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Call for support – A film association for DRC named "MOTO Ciné”

Start of Dec. 2010, global wires reported that Hollywood star Ben Affleck was struggling to rally support from Hollywood studio executives to back his plans to make a movie about the troubles in the Democratic Republic of Congo.

An audiovisual professional, Plante Kibadhi is now calling for global support to help him build a strong film industry in DRC in order to preserve the country’s heritage and culture, to challenge current issues and work for peace.

Originally from DRC, Plante has a journalist degree and studied at “l’Institut Facultaire des Sciences de l’Information et de la Communication” [IFASIC].
He worked in South Africa as a TV journalist, presenter, and as a scriptwriter.

Plante explained to Sylvain Béletre from Balancing Act: “I am back in DRC, my country, and I have many project related to the African audio-visual art and culture. I now need to find partners to join me, to finance and contribute to these projects.
Right now in Congo, not much is being done to support the film industry, and it is difficult to find funds. One of my objectives is to set up a movie office for the country. The situation for DRC’s film industry is no way near that of South Africa. I have little hope that the Congolese government will invest in local cinema. For now our industry is mainly dependent on filmmakers living and working abroad.”
Plante added: “I have started setting up the status of a film association for DRC: it is named "MOTO Ciné”: in Lingala, language that we speak in Kinshasa, this means: “man of cinema”. The main association’s objectives are to initiate and develop DRC’s film industry, promote it, support film training in the country, animate debates and discussions between audiovisual professionals, find sponsors, and engage with DRC’s government to seek partnership.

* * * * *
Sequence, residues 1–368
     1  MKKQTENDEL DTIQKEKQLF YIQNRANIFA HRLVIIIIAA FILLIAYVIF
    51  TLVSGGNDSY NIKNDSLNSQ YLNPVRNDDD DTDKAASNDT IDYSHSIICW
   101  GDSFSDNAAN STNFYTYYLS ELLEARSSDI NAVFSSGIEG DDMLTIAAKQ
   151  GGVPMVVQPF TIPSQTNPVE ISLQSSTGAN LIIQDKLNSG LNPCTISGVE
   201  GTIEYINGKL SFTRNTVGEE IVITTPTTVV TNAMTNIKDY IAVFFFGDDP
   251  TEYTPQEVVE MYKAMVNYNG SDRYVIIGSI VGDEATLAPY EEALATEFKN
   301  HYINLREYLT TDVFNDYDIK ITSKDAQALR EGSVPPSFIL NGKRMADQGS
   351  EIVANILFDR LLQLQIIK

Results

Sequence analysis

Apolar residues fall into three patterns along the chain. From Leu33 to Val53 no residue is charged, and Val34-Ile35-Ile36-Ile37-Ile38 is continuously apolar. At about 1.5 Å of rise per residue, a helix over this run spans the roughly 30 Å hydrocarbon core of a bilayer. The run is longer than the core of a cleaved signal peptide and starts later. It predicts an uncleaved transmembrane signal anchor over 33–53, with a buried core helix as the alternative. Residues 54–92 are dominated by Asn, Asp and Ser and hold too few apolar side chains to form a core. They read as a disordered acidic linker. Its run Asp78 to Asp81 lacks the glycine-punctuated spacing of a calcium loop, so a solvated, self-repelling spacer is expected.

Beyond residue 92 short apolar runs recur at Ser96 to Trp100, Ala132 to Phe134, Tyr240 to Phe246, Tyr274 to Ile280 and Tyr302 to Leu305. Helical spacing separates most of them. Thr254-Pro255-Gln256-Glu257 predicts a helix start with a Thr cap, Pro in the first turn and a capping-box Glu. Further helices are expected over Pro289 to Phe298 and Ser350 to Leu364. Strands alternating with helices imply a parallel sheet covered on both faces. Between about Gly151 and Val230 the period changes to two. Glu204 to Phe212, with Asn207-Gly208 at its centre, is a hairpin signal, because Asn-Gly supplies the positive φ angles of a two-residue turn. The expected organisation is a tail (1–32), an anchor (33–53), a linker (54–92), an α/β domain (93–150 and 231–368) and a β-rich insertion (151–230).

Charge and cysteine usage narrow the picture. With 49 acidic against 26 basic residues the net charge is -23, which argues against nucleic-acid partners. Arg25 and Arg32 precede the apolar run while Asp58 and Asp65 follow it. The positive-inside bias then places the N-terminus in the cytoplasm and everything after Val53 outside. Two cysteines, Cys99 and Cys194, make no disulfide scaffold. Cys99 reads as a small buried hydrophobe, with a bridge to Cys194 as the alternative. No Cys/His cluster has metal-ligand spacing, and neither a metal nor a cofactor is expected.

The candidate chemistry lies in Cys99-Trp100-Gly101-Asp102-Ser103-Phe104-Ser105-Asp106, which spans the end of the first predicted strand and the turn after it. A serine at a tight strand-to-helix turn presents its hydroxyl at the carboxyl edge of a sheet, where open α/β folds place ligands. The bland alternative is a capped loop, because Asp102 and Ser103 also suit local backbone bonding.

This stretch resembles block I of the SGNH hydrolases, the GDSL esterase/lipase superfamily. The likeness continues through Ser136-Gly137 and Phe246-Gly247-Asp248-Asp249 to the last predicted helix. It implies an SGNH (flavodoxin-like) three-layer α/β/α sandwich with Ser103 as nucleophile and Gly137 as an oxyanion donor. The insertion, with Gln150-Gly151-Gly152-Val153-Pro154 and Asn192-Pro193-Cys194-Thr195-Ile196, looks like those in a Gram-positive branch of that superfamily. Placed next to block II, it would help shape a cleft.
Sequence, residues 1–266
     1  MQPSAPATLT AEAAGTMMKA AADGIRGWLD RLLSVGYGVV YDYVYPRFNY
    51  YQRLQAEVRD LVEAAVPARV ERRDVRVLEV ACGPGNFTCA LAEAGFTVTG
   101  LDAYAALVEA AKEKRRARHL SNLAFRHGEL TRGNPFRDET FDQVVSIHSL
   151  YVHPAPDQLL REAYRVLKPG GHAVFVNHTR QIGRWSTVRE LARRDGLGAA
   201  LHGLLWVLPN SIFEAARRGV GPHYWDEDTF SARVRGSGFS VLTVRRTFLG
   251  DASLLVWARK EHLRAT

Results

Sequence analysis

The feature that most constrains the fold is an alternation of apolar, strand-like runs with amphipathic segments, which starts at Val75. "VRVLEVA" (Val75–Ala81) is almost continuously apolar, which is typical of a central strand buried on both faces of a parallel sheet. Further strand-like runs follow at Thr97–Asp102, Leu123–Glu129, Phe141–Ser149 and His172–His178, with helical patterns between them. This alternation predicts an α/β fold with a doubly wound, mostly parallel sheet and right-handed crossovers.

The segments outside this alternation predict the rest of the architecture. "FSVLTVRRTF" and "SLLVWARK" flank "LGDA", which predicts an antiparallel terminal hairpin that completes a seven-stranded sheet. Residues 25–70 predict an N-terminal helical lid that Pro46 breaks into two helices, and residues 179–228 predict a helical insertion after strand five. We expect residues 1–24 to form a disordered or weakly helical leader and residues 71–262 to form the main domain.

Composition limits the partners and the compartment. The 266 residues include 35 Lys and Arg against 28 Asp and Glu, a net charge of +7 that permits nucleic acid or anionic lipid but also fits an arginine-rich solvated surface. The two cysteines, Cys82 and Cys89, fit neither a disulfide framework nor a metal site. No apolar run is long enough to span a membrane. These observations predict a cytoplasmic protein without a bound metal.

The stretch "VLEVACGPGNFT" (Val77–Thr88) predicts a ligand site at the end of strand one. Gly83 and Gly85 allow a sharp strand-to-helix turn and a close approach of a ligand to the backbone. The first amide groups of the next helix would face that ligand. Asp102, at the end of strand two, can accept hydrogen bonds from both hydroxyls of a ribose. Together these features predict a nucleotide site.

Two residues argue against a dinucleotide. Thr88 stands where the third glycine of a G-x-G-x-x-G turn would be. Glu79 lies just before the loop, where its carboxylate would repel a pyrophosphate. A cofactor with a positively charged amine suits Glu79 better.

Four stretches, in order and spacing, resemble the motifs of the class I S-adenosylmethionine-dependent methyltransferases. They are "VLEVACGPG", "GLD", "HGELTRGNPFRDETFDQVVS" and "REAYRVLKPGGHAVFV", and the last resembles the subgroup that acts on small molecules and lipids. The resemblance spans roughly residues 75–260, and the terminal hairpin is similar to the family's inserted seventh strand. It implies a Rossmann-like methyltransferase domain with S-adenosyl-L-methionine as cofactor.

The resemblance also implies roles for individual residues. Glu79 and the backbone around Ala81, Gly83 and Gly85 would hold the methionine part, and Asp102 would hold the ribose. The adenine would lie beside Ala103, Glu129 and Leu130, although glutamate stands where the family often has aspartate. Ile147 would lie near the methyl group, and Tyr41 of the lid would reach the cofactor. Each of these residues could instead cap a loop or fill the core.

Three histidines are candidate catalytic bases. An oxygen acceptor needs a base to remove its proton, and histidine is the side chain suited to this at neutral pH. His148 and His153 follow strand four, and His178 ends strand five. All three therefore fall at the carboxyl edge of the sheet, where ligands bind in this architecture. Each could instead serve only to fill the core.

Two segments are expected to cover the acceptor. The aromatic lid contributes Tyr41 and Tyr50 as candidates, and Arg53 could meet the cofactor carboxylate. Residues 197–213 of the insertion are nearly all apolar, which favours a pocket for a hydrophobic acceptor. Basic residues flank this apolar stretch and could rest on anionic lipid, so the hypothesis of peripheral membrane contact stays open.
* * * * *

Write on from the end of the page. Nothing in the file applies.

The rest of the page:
As a film maker, I have also put together some film projects. Here are some examples: 
1. “Sorry sisi”: sisi is short for sister in Zulu; the film talks about Congolese in South Africa, and it starts in Kinshasa, DRC.
2. “Forget my tears” (in Fr. “Oubli mes larmes”), 100% from RDC, tells the story of a woman’s struggles and sufferings, and that of people who enjoy life and forget about those who are in pain.
3. “Long night” (in Fr. «Longue Nuit»), the story of a girl of good education, from a good family, but who seeks to discover the life of street prostitution in Kinshasa’s nightclubs.
4. Why me? (In Fr.: «Pourquoi moi?»): the story of a kid who was accidently exchanged for another baby by hospital nurses just after he was born.»

Plante Kibadhi Mbuka can be contacted at tel: + 243 810750 340 - + 243 99 76 74 252 - Email: kibaplante@yahoo.fr